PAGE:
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Investment Alternative Benchmarking For Lester Electronics

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Investment Alternative Benchmarking for Lester Electronics

University of Phoenix

Introduction

Mergers and acquisitions happen every day. Business deals are made to increase the company’s financial wealth. For large companies these decisions are made at the direction of the board and in small companies these decisions are made by the owners. Whether the decision is made by the board or the owner the goal is the same, increase market share and capital.

This paper will evaluate internal and external growth opportunities; describe working capital management strategies to maximize shareholder wealth; describe the challenges of cross-border growth strategies; assess organizational performance using financial statement and ratio analysis and describe the role of portfolio management in the allocation of corporate resources. The companies that were benchmarked cover thorough course concept are Kmart and Sears, Alcatel and Lucent, ATT and Cingular Wireless, Daimler and Chrysler, BMW, Oracle and PeopleSoft, XM and Sirius, and ExxonMobil.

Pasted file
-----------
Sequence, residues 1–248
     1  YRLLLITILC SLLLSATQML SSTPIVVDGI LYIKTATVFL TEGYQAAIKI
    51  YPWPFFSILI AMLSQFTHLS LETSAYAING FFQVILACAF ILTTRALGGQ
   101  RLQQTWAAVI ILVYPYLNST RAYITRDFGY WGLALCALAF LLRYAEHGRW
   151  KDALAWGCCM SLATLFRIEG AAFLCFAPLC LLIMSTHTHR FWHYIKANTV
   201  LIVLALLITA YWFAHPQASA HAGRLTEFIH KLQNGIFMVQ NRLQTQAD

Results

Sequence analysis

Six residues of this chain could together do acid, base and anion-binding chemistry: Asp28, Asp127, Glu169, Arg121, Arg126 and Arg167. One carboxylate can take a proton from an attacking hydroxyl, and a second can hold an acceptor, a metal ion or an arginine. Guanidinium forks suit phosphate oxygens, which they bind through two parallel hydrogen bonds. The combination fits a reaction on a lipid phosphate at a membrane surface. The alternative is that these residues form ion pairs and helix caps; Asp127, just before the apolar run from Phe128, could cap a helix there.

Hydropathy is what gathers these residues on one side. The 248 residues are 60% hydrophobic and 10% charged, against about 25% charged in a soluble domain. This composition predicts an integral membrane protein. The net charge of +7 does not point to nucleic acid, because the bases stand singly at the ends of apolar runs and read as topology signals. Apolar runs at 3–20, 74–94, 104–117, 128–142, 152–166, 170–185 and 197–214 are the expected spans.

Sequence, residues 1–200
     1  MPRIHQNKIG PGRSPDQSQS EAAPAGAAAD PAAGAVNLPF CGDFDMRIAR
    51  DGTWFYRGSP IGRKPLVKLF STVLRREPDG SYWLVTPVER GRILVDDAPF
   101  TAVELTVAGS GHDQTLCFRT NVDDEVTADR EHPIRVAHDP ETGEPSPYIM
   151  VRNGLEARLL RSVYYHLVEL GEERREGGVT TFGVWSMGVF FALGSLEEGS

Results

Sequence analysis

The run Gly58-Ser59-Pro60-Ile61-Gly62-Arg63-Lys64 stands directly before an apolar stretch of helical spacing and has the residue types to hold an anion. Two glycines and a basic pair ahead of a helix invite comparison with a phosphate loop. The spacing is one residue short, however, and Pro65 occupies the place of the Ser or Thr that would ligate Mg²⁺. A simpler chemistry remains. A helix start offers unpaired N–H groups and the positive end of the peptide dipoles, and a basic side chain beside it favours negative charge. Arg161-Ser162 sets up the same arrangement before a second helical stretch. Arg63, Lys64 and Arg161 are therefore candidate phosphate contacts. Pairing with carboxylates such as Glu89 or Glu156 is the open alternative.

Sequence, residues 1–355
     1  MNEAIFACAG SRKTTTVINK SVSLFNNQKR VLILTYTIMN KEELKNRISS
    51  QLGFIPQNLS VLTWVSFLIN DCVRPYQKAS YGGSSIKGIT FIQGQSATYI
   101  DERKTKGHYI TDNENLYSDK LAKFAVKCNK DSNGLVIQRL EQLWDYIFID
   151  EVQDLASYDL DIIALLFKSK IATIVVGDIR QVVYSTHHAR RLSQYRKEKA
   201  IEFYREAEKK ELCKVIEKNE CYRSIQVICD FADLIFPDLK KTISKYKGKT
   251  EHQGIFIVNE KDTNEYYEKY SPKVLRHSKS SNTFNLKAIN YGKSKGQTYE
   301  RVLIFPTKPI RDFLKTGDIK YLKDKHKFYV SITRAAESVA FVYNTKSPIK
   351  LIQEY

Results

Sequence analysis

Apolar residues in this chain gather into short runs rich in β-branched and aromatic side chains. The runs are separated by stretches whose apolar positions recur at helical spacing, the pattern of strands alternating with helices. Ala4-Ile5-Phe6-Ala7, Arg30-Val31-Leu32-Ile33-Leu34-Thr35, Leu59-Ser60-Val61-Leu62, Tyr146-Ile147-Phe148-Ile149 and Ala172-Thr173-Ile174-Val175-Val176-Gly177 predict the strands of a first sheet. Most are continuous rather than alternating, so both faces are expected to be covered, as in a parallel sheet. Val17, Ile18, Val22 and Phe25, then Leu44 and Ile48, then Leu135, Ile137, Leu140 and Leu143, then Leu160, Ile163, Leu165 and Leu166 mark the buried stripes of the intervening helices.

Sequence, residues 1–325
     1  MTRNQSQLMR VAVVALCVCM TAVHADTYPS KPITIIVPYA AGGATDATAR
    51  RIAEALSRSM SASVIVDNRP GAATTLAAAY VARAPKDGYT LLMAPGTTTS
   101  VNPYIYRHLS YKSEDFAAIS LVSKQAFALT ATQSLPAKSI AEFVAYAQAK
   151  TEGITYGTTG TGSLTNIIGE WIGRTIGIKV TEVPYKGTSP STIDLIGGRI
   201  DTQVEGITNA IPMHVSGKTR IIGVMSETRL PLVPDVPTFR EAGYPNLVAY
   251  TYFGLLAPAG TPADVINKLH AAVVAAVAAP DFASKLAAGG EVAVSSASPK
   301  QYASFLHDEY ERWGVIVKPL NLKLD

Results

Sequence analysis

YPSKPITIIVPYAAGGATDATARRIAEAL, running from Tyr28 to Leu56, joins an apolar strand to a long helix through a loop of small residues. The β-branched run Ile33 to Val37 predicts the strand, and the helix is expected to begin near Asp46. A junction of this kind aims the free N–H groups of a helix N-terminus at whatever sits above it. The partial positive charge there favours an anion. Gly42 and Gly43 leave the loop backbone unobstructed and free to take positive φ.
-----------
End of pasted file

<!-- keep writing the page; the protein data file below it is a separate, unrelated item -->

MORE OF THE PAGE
Internal and External Growth Strategies

Lester Electronics is contemplating the acquisition of Shang-wa Electronics and this is a significant acquisition for Lester. This acquisition will prevent Shang-wa from depreciating by 45% in the upcoming five years. This acquisition will also prevent Lester’s competition, Transnational Electronics Corporation from acquiring Shang-wa. Lester must review companies like Daimler Chrysler to see the downside of growth strategies and review ATT and Cingular to see the positive side.

Lester must implement a business plan that will highlight the upside and downside of mergers and acquisitions if Lester wants to stay ahead of the competition. A wrong move could put Transnational Electronics ahead in sales and market growth. A consultant can assist in this transaction.

Working Capital Management Strategies

Cash management if broken down in three simple parts, opportunity costs, shortage costs and carrying costs are instrumental in operating working capital properly. In this section, there is no better company to review than Chrysler. In the late 1970s Chrysler was on the brink of going out of business. The government tried to assist but Chrysler’s debt was astronomical. Lee Ioccoa came aboard as Chairman and took the company to the highest highs.

Challenges of Cross Border Growth

Daimler Benz expanded cross border when the company acquired Chrysler. Daimler was interested in offering a more affordable car worldwide and Chrysler was the ticket. The challenge here was cultural issues. Daimler’s business practices were European and Chrysler’s were American. The conflicts eventually brought the two companies profits down and the two parted ways. Lester Electronics must focus on Daimler’s cross border growth to be successful in Lester’s growth plan.

Financial Ratio and Statement Analysis